I recently returned from two weeks in Muslim countries in the Middle East, part of my Master’s Degree in National Security Studies, where I’m focusing on the Middle East. I spent about a week in Turkey and a week in Egypt, learning about their culture, religion, economy, politics, and many other aspects of the region. These two weeks — combined with the last eight years of study on Islam — have really opened my eyes to this religion, and I’ve since received many questions about the trip and about Islam. I’ll spend the next several blogs sharing my thoughts and observations about the trip, and answering some of your questions. Is Islam inherently violent? Are Muslims on a mission to kill all unbelievers? What is jihad? Is the Islamic State (IS) acting in accordance with what the Qur’an teaches? Who decides what “true Islam” is? This is timely, as I know many are concerned about the recent actions of IS and other militant groups. I’ll do my best to address those concerns, but first a few thoughts on the trip…and maybe a few cool photos as well! Yep, that’s me…on a camel…at the pyramids…
1. I never felt unsafe. I traveled extensively, both on foot and in vehicles, through Ankara, Istanbul, Luxor, and Cairo, and felt no less safe than I would doing the same thing in San Antonio, Charleston, or Montgomery. We were smart about it — normally traveling in groups, and never alone — and when on official business, we had a private security detail. However, this was largely precautionary, and in retrospect I’m not sure it was even necessary. In Istanbul, a friend and I walked several miles from the Hagia Sophia back to our hotel — through the Grand Bazaar, the Sultan Ahmet spice market, along the Bosporous, into the underground and up the hill, through the pedestrian district and back to the hotel. It was dark, most of the shops were closed, and we never felt threatened. Several other members of our group went for runs along the Nile, and all was well. Years ago I made a poor hotel choice in Shreveport, Louisiana…and two years ago I got lost on the South side of Capitol Hill in DC…and I felt far more threatened in those two days than I ever did in thirteen days in the Middle East. This is not to say that everywhere is safe — I certainly wouldn’t spend a lot of time in the Sinai, or on the Eastern Turkish border with Iran or Syria — but the fact remains that never felt unsafe during my two weeks there. That comes from an American Christian in the military, placing me in three demographic groups that are all relatively unpopular in the region at the moment.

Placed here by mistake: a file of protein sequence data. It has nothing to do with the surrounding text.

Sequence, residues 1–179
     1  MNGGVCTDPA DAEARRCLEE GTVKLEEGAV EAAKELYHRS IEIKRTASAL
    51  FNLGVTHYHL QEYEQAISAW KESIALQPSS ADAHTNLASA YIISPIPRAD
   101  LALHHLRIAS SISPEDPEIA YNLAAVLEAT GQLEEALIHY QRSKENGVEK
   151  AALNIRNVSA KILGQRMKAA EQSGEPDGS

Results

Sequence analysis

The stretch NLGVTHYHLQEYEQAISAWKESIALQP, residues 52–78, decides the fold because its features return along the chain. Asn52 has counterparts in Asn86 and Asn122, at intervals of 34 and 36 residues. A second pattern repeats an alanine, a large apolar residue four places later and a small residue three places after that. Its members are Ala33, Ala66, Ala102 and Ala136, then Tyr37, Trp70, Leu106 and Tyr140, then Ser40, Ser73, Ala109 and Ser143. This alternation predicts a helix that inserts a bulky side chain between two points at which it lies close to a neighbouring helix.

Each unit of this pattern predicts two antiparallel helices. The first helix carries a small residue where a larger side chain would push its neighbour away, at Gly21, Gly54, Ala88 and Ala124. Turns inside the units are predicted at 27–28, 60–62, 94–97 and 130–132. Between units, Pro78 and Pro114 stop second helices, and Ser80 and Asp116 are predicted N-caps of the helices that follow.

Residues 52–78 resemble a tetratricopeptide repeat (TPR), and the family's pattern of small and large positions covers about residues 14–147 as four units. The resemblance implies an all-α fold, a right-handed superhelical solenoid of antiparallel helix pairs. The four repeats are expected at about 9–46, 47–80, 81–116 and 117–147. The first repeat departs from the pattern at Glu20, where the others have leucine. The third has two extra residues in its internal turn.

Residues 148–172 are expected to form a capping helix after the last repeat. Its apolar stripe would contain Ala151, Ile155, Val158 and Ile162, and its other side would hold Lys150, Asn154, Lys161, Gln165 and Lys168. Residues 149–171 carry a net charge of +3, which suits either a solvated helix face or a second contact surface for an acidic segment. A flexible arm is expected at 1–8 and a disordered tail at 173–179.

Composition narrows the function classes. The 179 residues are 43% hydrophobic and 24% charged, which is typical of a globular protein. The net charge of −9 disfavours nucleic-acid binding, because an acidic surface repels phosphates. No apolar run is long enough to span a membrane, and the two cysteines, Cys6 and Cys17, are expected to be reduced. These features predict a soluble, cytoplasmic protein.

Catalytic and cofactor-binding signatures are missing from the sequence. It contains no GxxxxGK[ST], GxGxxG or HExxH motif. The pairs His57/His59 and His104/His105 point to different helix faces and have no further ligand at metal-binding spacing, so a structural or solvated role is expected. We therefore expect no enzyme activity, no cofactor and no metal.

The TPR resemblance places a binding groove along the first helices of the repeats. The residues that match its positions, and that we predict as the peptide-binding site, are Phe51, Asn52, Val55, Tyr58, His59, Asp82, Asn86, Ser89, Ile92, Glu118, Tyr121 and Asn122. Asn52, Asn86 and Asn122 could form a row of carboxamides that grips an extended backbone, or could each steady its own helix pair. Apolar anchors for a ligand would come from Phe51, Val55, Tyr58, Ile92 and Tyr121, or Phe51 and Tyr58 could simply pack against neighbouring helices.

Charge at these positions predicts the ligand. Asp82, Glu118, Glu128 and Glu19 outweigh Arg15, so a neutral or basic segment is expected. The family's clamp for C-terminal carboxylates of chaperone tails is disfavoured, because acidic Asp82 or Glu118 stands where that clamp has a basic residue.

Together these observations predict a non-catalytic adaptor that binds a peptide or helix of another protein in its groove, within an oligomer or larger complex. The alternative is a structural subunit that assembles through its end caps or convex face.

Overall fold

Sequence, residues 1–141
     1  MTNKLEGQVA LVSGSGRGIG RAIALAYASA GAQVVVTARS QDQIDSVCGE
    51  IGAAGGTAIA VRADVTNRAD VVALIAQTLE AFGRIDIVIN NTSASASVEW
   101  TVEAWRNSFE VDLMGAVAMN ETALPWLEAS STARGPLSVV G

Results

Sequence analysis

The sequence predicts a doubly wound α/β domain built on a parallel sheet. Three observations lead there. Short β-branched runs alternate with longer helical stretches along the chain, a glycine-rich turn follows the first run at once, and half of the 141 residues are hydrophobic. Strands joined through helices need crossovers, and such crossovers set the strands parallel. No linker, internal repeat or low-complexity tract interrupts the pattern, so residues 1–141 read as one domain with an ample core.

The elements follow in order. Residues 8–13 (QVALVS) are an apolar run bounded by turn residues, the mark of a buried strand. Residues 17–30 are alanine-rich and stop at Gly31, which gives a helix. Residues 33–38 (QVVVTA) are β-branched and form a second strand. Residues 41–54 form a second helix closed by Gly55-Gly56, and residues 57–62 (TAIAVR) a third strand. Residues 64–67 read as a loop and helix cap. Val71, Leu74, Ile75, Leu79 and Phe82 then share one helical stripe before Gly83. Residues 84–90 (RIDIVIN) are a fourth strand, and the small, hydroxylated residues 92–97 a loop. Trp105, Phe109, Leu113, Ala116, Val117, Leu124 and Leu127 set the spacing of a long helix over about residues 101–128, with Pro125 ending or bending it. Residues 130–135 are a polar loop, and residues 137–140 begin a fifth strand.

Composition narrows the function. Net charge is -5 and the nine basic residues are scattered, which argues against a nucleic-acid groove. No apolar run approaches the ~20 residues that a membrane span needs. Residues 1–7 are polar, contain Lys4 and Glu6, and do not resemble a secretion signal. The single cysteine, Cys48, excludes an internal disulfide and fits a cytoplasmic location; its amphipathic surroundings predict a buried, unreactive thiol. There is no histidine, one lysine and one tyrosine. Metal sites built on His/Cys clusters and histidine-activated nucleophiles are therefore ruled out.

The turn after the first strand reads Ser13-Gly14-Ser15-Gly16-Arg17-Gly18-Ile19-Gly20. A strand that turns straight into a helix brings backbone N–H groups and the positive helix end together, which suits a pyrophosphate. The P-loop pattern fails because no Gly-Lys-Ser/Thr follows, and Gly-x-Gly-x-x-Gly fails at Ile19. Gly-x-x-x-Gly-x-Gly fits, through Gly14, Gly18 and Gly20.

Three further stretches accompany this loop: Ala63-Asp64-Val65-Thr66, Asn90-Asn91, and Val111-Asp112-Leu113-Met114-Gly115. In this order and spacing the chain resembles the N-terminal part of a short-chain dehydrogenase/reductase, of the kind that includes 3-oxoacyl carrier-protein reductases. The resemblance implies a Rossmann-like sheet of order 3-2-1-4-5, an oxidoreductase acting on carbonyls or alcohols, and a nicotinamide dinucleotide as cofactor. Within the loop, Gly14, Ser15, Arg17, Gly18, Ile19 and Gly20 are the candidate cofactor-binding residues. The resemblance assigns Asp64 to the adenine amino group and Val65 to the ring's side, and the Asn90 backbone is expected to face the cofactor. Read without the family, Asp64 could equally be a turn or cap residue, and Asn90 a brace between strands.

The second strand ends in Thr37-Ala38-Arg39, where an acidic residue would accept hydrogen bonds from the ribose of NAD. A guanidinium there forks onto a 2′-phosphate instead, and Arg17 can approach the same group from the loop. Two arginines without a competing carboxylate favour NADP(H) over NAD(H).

2. The people are simply beautiful. The country, the city, the people, all of it was beautiful. In the a Grand Bazaar in Istanbul, I met an artist named Nick who creates the most incredible artwork, where his only canvas is a plant leaf. Using a cat hair brush sometime only a few hairs thick, Nick scribes Muslim, Christian, and Jewish verses surrounded by the most beautiful artwork you can imagine (watch one of the videos at the link — it’s truly breathtaking). After spending more than an hour listening to him passionately describe his art and how he does it, I asked how he learned to do it or where he saw it done. He simply replied “No one taught me. I know of no one else who does this. My talent is only from God.” This generated further discussion, where we shared our faith with each other and I learned that he was an Armenian Christian who fled persecution and had been living in Istanbul since 1968. Simply amazing.